The study of phonetic semantics is possible because of the ability of nerve cells in areas such as the tongue and lips to relay some information on audition, touch, movement and vibration to the central nervous system. This then has the potential to connect with both the active semantic component of the brain and the lexical memory.
An example is the sound k. The articulation of k involves the forceful expulsion of around ten times as many cm3 of air from the lungs as for a vowel.
“Hardness” and “impact” are central to a long list of words for collision sounds such as “clang”, “click”, “clap”, in which the k and l represent collision (“c[o]llision”). At a less dynamic level, words for adhesion or coming together are represented by initial kl, as in “cluster”, “cling”, “clutch”, “club”. The Renault “Clio” falls into the same category, lending extra semantic shrinkage to the idea of smallness and friendliness in the vowel sound. These meanings are relevant to all Germanic languages. ©
At another level again is the group of words describing “concave structures and enclosures” such as “cab”, “coffer”, “cone”, “cornet”, “concave”, “cover”. “Hardness” applies variably to this category also. These words are linked through language family history and linguistic contact, where languages not in a direct line of evolution may borrow each other’s words. Language family history plays a large part in the transfer of meaning of words which may have little obvious phonetically symbolic association.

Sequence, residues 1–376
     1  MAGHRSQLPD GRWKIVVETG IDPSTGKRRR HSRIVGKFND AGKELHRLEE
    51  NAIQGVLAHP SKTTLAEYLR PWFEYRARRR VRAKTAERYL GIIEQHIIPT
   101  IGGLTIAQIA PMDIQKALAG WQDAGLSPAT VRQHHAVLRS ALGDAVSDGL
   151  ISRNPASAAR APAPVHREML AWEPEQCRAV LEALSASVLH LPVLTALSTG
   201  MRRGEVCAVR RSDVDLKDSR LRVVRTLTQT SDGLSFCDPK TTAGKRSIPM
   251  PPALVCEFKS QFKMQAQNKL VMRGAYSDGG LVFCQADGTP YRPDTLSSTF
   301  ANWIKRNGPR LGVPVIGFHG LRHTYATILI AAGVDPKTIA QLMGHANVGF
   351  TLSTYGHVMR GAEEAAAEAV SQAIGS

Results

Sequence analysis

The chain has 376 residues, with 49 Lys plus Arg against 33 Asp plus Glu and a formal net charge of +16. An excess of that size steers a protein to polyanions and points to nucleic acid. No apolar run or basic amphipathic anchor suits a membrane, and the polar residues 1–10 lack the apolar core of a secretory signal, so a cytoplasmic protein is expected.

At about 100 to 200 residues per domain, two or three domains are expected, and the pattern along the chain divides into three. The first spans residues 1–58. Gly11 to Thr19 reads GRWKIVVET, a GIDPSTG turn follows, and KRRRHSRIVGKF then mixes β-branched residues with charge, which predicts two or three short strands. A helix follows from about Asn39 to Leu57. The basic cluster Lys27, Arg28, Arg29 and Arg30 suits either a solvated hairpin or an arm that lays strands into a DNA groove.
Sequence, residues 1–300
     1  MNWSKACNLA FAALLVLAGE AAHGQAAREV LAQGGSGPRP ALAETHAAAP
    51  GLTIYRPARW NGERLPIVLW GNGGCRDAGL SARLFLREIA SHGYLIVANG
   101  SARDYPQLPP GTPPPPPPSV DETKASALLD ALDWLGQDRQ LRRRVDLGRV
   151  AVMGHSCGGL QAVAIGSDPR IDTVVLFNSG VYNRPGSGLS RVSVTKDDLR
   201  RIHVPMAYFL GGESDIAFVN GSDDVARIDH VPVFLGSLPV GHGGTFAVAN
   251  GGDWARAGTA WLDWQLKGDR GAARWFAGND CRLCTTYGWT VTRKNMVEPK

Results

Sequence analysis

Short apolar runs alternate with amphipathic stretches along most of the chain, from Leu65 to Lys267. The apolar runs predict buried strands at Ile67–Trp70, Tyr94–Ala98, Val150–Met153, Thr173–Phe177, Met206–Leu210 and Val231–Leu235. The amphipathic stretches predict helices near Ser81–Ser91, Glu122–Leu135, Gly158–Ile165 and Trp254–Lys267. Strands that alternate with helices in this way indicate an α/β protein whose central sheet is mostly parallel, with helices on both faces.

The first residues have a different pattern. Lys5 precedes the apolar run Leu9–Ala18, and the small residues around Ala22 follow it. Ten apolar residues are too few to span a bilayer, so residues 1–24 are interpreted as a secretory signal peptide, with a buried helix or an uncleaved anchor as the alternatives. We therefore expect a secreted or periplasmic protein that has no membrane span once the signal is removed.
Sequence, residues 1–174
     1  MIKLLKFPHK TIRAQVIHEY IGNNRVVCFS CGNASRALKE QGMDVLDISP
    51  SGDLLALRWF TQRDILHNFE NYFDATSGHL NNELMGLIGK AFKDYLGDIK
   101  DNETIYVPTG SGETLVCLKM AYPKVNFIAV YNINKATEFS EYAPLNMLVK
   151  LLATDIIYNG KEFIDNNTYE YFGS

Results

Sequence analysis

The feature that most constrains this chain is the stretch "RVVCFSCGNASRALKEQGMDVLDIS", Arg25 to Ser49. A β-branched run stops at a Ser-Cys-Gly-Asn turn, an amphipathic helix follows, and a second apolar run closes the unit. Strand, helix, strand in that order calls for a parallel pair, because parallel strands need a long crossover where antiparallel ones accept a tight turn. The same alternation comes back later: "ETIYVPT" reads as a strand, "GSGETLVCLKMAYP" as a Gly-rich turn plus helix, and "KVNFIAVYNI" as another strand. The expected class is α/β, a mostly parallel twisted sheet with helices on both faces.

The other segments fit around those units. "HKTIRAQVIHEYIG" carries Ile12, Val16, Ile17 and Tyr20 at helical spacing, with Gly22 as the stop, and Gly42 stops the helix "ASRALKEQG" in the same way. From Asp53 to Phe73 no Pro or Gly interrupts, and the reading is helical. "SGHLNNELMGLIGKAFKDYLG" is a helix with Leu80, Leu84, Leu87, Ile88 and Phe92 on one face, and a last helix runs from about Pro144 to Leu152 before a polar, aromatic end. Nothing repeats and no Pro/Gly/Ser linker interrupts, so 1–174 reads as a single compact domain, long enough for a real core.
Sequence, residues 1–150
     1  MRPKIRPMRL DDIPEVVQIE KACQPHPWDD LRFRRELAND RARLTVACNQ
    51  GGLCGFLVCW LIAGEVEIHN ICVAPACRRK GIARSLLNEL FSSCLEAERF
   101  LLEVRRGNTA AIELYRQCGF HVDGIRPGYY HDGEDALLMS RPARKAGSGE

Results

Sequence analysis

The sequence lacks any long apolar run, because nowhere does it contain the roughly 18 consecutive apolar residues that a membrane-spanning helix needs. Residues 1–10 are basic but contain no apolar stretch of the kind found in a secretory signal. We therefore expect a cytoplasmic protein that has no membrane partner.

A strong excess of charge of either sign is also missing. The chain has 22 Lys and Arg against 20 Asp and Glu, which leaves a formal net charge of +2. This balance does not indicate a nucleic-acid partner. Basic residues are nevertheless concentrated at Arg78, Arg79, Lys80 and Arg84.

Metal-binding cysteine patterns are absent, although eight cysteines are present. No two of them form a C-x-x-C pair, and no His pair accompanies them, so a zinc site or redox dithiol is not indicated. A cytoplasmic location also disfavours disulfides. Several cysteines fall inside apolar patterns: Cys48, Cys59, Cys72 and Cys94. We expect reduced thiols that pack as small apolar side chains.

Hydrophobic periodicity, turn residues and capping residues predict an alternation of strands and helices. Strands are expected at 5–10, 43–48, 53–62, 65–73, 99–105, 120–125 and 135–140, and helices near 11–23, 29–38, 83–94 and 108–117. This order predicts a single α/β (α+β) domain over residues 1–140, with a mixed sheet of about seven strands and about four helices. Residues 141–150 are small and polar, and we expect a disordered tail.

“Kodak”, a made-up name, was intuitively conceived to describe a hard, equipment-enclosing camera. Similarly, of the ten top-selling cars in selected European countries in 1996, more cars had the k sound at the beginning of the word, (“Corsa”, “Cavalier”, “Corolla”) than any other sound. Sales for these models were greater than any other sound except p, for which the “Punto” is a major seller, according to the Society of Motor Manufacturers and Traders.
The cultural influence from our heritage predominates and is arguably more important than semantic phonetics. The range of meanings applied to any name will depend to a large extent on the context in which it is used.
Words form semantic associations through analogy, so that meanings change towards the meaning of the majority. This can be seen in “glamour”, a corruption of “grammar” and “glance”, which originally meant strike or hit. Its meaning has changed towards the optical sense present in glance and gleam.
New words can then be added around this central meaning. The -ol suffix, derived from “phenol” and “alcohol”, has spawned a host of pharmaceutical brand names through analogy such as “Panadol”, “Salbutamol”, “Paracetamol”, “Dettol” and “Nytol”.
Aside from phonetically related meaning, some sounds project positive or negative associations such as positive ee and negative du as in “dung”, “dunce”, “dull”. This extends even to an initial d sound, present in a large group of words denoting “vertical descent or movement away from a location”. Another d group denotes “impairment” one reason why I believe Wolff Olins made a mistake in changing Guinness and Grand Metropolitan to “Diageo”.
It would be wrong to think that identity and brand style is controlled by the articulatory symbolics of the name above factors such as the graphics, service and personnel. However, it can be an aid to specific identity, and will probably increase sales, although it can also be a pitfall to the unwary.